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What Is Progressive Profiling and How Do You Use It? (w/ Tips + Example)

When you’re getting to know someone, chances are, you aren’t going to probe them with deeply personal questions that violate their privacy.

Unless that’s what you’re going for, but we don’t recommend it.

In a situation like a first date or introducing yourself to a classroom, you’re most likely going to keep it succinct and provide the bare minimum. Things like your name, where you’re from, your favorite color, etc.

With progressive profiling, it’s similar to the process of getting closer with someone more like a friend, significant other, or, in our case, a lead.

Why ask for the same things over and over on a form when you could take that reconversion opportunity to learn something new about them?

Welcome to the world of progressive profiling.

What Is Progressive Profiling?


Progressive profiling is a practice where you use forms to gather more information from your leads and nurture them through premium content offers and other resources on your website.

Without all the probes and uncomfortable silence.

Asking for a ton of information at one time can actually decrease lead conversion, so progressive profiling allows your team to gradually qualify and nurture leads without damaging conversion rates.

How Does Progressive Profiling Work?

Marketing automation tools like HubSpot and Marketo give you the opportunity to leverage progressive profiling through different forms and workflows.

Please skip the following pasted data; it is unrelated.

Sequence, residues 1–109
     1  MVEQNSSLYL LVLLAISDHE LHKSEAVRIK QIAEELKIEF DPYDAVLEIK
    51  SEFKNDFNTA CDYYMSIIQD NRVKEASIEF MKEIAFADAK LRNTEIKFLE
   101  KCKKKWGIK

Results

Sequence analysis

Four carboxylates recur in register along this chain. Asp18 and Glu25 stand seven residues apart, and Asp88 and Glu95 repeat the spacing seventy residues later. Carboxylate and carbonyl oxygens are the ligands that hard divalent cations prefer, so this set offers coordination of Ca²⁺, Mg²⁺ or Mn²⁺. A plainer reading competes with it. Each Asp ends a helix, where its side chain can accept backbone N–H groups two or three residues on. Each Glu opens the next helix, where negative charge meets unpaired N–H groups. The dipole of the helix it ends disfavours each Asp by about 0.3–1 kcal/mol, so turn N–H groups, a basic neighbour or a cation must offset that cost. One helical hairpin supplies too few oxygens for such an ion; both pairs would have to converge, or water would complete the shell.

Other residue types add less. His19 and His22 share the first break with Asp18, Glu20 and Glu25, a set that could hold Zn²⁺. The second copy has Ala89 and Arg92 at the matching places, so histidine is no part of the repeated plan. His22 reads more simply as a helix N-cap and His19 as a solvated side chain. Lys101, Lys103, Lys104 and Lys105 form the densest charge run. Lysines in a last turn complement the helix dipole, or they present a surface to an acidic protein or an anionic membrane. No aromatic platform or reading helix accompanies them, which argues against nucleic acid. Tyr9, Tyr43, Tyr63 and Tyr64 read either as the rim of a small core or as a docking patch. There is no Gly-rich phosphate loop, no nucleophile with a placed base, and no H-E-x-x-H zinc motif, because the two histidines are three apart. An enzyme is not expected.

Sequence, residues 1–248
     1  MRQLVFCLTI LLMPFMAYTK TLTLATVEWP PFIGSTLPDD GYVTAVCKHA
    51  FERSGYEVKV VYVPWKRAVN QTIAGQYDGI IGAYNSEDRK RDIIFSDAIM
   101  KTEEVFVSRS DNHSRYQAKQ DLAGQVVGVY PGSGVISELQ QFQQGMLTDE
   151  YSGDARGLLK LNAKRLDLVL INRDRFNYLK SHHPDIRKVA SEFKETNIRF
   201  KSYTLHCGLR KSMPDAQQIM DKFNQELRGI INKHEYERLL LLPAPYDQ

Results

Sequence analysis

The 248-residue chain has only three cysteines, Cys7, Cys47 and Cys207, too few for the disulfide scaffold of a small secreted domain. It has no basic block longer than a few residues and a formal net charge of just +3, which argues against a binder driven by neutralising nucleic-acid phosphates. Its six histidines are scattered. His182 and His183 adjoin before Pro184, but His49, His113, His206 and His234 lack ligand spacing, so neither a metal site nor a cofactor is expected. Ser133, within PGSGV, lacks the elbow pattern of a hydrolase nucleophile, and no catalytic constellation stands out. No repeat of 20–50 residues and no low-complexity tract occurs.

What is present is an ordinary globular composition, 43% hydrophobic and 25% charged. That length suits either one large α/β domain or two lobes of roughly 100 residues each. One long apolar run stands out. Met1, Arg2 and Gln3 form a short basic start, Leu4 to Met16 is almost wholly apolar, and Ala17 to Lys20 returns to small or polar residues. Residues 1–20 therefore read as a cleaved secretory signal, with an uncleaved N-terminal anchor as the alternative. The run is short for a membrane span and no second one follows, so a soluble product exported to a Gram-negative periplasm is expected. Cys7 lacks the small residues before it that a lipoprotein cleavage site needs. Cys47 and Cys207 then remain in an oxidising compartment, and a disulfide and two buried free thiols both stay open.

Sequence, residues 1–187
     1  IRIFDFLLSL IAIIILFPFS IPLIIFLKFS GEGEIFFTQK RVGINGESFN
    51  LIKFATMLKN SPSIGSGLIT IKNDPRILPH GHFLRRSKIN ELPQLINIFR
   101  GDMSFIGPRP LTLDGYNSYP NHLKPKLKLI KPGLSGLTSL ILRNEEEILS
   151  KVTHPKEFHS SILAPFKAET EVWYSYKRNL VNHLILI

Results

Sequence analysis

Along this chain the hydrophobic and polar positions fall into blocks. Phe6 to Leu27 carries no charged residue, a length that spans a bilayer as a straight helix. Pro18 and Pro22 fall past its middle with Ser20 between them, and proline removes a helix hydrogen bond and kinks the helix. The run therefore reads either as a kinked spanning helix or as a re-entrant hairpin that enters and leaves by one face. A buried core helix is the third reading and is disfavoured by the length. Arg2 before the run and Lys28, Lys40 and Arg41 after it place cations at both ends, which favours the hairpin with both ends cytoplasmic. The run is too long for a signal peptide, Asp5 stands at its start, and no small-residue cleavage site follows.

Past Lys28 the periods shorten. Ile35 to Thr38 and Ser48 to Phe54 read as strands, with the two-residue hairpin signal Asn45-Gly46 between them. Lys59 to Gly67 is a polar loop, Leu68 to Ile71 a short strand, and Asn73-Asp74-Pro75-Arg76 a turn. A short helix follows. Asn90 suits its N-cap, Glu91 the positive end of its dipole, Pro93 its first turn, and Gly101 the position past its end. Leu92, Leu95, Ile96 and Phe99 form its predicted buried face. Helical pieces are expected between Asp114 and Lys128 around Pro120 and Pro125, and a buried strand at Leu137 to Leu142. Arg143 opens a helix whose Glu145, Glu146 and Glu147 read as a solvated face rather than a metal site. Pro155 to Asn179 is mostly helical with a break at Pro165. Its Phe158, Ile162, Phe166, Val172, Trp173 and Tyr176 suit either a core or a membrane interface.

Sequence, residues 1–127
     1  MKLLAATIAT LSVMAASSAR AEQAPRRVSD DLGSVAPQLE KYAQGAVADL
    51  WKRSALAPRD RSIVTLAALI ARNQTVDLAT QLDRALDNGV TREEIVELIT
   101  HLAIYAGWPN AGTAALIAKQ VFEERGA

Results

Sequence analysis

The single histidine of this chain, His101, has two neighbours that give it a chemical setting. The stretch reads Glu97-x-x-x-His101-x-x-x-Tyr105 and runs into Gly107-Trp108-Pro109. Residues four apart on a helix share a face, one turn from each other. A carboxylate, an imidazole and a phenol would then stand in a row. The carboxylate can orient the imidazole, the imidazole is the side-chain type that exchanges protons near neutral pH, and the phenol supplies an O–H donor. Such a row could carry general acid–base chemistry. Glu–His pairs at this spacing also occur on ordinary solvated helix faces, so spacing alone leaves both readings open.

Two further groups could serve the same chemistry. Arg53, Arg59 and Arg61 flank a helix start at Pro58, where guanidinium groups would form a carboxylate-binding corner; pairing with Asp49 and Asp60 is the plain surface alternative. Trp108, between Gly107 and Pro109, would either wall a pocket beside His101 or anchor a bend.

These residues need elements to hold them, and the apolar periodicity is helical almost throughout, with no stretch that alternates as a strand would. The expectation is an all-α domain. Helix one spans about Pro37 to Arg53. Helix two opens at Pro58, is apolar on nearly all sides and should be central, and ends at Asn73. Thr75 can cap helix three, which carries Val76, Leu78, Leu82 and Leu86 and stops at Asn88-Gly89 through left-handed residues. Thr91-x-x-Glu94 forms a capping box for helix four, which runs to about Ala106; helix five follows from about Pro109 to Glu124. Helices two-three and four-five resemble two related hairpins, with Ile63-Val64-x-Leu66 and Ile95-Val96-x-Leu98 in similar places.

For example, if you already have the first and last name of a contact, as long as you have queued up questions, they’ll see different fields required on a new form necessary to get a content offer.

It's a fair trade. They get their new resource and you get a few more details about them without it coming across as an interrogation.

5 Benefits of Progressive Profiling

Progressive profiling is like gathering lead intelligence where the pieces of the puzzle can help you better assist your contacts and their pain points.

It can also help with:

1. Establishing Lifecycle Stage Criteria

Based on a lead’s activity and information provided, you can see where they are in the buyer's journey and better define what constitutes an MQL, SQL, or opportunity.

2. Preparing More Targeted Email Campaigns


Reconverted leads can provide insights to their industry/specific niche, which leads to your emails actually resonating and speaking to them.

And of course we know personalized emails have a better overall open and engagement rate, so this is something marketers are always seeking.

3. Inspiring Content Ideation

Questions such as “What’s your biggest marketing challenge?” on a form may give you interesting answers you never thought about before.

From this, you can create content that helps answer your lead’s challenge and have them look to you as a true thought leader.

4. Drawing More Leads

Often, if someone arrives at a landing page with a long form, they’ll be more discouraged to fill it out.

With progressive profiling, you can shorten and simplify your forms with the intention that you’ll continue marketing to them, and reconversions will allow you to learn more about them without being intrusive.

5. Preventing Repetition


No one likes mindless repetition. Helping your users save even a few seconds of time can be helpful for your brand in their mind in the long run.

6 Progressive Profiling Best Practices to Follow

When working for lead information and reconversions, it's always best to keep certain tips and tricks in mind so that you're truly optimizing your efforts.

Here are some best practices we've found to help you when practicing progressive profiling:

1. Keep Your Forms Short.

This is kind of a testament to the entire point of progressive profiling. You don't want to ask all the questions at one time and actually dissuade any actual conversions.